Keaja also revealed that councils across the country were struggling financially and therefore if they were to grant councilors access to their terminal benefits, this could leave their in a dire financial situation. Given the fact that Local Authorities currently have cash flow problems and budgetary constraints, it is not advisable to grant terminal benefits advance as it would only serve to compound the liquidity problems of councils.
It is understood that the Ministry was inundated with calls from some Councils as they sought clarification regarding access to their terminal benefits. The Ministry fears that should councils pay out the terminal benefits this would affect their coffers as the government spends a lot on councilors salaries.
Reports show that apart from elected councilors, the government spends at least P6, 577, 746, 00 on nominated councilors across the country as their monthly salaries. Former Assistant Minister of Local Government and Rural Development, Botlogile Tshireletso once told Parliament that in total there are 113 nominated councilors and their salaries per a year add up to P78, 933,16.00. She added that their projected gratuity is P9, 866,646.00.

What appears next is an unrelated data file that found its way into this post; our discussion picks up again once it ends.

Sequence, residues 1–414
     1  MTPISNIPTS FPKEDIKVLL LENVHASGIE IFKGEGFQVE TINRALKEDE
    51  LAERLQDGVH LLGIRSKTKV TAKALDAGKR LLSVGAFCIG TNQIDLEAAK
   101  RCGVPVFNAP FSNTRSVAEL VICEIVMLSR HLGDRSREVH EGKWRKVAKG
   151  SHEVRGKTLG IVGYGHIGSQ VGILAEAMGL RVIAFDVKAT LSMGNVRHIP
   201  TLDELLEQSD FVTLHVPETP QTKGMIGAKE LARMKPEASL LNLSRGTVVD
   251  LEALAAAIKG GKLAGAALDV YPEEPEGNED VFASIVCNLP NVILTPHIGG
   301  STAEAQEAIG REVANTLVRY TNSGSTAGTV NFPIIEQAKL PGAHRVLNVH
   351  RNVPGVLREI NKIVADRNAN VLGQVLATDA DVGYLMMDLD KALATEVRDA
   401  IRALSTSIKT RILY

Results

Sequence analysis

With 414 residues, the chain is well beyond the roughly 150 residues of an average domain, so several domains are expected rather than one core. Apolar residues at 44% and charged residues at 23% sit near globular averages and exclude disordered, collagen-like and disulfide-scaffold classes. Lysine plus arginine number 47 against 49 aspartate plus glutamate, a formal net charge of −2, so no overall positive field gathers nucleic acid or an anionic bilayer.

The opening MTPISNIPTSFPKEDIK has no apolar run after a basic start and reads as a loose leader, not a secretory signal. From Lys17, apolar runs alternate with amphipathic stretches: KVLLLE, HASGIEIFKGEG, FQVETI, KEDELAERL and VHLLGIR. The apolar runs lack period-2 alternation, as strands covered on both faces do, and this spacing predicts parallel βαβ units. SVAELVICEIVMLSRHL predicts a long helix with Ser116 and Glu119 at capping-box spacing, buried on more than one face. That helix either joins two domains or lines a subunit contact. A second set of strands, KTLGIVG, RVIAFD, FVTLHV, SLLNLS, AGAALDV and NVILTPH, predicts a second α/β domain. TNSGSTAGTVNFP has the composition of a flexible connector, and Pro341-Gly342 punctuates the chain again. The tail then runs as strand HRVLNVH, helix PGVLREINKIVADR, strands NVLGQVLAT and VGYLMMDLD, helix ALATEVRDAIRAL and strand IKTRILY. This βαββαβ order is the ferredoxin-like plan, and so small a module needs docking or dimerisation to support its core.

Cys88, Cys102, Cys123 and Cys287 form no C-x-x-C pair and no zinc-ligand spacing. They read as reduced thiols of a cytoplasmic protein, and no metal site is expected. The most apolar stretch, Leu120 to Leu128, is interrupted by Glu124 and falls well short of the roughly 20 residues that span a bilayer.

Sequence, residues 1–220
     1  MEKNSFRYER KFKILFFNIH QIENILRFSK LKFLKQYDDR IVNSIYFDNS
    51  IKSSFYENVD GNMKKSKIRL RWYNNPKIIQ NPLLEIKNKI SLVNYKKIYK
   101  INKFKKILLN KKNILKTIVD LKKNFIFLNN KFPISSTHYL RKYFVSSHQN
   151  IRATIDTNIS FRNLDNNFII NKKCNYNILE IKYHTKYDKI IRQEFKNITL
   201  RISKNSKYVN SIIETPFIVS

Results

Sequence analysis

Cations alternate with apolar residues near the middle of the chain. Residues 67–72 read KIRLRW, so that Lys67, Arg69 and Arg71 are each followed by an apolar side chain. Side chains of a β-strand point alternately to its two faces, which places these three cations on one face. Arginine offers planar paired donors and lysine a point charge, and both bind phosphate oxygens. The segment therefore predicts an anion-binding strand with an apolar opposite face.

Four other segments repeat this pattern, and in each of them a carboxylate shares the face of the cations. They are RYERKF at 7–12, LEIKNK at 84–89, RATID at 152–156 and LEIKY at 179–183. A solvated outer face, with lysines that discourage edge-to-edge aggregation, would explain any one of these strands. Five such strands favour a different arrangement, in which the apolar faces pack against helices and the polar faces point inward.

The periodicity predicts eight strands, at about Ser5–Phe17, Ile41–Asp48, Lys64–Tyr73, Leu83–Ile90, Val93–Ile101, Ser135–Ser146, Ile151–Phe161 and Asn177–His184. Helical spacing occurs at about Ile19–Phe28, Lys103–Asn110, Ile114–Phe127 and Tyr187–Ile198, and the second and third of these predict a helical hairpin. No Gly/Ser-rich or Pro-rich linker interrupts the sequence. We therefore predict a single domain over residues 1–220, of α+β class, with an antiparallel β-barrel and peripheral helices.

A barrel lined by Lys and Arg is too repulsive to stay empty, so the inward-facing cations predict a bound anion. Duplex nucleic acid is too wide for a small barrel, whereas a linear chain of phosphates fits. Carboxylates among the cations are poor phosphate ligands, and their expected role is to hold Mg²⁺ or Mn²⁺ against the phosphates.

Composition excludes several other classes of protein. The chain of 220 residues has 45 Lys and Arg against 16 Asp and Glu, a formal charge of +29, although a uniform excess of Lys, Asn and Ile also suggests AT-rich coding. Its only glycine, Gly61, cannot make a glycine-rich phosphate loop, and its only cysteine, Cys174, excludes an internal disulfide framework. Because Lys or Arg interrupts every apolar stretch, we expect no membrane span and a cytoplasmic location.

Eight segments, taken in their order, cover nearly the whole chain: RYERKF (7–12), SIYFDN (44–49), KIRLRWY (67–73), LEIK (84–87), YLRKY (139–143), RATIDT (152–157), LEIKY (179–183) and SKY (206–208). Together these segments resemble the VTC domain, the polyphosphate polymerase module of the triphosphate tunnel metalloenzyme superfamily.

A surge in consumer spending is expected to be a key driver of Botswana’s economic recovery, according to recent projections by Fitch Solutions. Fitch Solutions said it forecasts household spending in Botswana to grow by a real rate of 5.9% in 2022.
The bullish Fitch Solutions noted that “This is a considerable deceleration from 9.4% growth estimated in 2021, it comes mainly from the base effects of the contraction of 2.5% recorded in 2020,” adding that, “We project total household spending (in real terms) to reach BWP59.9bn (USD8.8bn) in 2022, increasing from BWP56.5bn (USD8.3bn) in 2021.” According to Fitch Solutions, this is higher than the pre-Covid-19 total household spending (in real terms) of P53.0 billion (USD7.8bn) in 2019 and it indicates a full recovery in consumer spending.
“We forecast real household spending to grow by 5.9% in 2022, decelerating from the estimated growth of 9.4% in 2021. We note that the Covid-19 pandemic and the related restrictions on economic activity resulted in real household spending contracting by 2.5% in 2020, creating a lower base for spending to grow from in 2021 and 2022,” Fitch Solutions says.